Skip to main content

Can I fly after surgery?

An airport departure board
Click to enlarge

How do you find out when you can fly after a surgical procedure

Hospital stays have been decreasing in length and day surgery is becoming the norm for many procedures. Add to that rising numbers of people seeking medical treatment abroad – medical tourism – the question of how soon is it safe to fly after a surgical procedure arises more often.

Speak with your healthcare team about post-surgical travel

The best way to get advice about when it is safe to travel after having an operation is by asking your healthcare team. If you are hoping to travel soon after an operation, you may be at greater risk than usual from complications. So, it’s important to share your plans with your healthcare team. Travelling against medical advice may negate your insurance.

What are the risks of flying after surgery?

An aircraft cabin is a stressful setting at the best of times. The slightly lower pressure puts a strain on the body, and this may be amplified in post-surgical patients, causing more discomfort than usual, or even harm. So, surgeons and doctors often recommend waiting a few days or weeks after your procedure before going in a plane.

After surgery, patients have a higher oxygen requirement than usual; but the reduce pressure of an aircraft cabin forces the body to work harder to get oxygen.

Gas in the intestines expands by 30% during air travel because of the low-pressure atmosphere. Some procedures involve gas being introduced to body cavities. This expansion can cause more discomfort if you are already sore following your procedure; or it can even rip stitches or cause bleeding.

Some eye operations will change your intra-ocular pressure and sitting in a low-pressure aircraft cabin could set your recovery back.

Your surgeon and healthcare team will have specific advice for your case, and it’s really important to discuss your travel plans with them to ensure you don’t set back your recovery or put yourself at risk from dangerous complications because you could not wait to fly.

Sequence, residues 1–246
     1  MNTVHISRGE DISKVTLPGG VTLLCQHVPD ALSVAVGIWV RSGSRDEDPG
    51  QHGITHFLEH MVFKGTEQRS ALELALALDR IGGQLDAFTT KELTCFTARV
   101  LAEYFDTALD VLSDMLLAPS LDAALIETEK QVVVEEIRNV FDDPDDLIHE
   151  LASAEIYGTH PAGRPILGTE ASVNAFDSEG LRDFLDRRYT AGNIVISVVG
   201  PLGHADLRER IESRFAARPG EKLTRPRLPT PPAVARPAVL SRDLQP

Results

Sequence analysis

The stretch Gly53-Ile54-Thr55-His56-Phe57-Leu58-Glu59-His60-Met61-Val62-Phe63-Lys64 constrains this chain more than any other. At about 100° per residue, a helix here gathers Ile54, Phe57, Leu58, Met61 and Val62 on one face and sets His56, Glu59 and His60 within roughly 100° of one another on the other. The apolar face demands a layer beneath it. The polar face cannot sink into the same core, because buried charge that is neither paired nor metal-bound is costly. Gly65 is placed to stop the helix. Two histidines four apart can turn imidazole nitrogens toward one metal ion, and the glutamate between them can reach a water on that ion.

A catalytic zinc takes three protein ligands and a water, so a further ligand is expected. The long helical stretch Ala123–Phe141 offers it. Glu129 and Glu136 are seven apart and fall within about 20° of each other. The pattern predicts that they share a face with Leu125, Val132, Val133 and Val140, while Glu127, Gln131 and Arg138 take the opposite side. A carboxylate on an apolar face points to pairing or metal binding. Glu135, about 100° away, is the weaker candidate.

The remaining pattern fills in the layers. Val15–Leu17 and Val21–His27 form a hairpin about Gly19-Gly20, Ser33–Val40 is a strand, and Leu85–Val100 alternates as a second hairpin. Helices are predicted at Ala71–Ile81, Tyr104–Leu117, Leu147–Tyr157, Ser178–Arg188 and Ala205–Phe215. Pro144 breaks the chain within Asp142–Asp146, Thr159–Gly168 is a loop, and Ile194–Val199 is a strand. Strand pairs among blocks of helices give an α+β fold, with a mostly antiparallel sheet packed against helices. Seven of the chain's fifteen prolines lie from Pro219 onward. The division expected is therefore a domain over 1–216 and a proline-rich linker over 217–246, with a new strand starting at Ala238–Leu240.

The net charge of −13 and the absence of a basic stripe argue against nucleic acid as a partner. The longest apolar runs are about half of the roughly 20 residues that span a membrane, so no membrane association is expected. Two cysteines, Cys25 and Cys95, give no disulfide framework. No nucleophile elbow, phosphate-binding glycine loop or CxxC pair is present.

Check in with your travel insurer

A recent surgical procedure may have an impact on your travel insurance, so talk with your usual insurer to make sure your travel health insurance is right for you after your operation.

What’s the healthcare like at my destination?

If you’re taking a vacation to recover from a procedure, it’s worth considering how you will get medical help at your destination. Canada has excellent health services, but you may not get the same level of care in some countries. And not all places have emergency services, either. See our article on getting medical help while traveling for more considerations.

Should medical tourists get vaccinated?

Most travel vaccines can be given well in advance of your trip, and provide long-lasting protection. Make a travel health appointment at least six to eight weeks before you travel and let the travel health adviser know you are going abroad for a medical procedure. You may also wish to get advice from your usual healthcare team.

The Centers for Disease Control have advice for people travelling for medical procedures.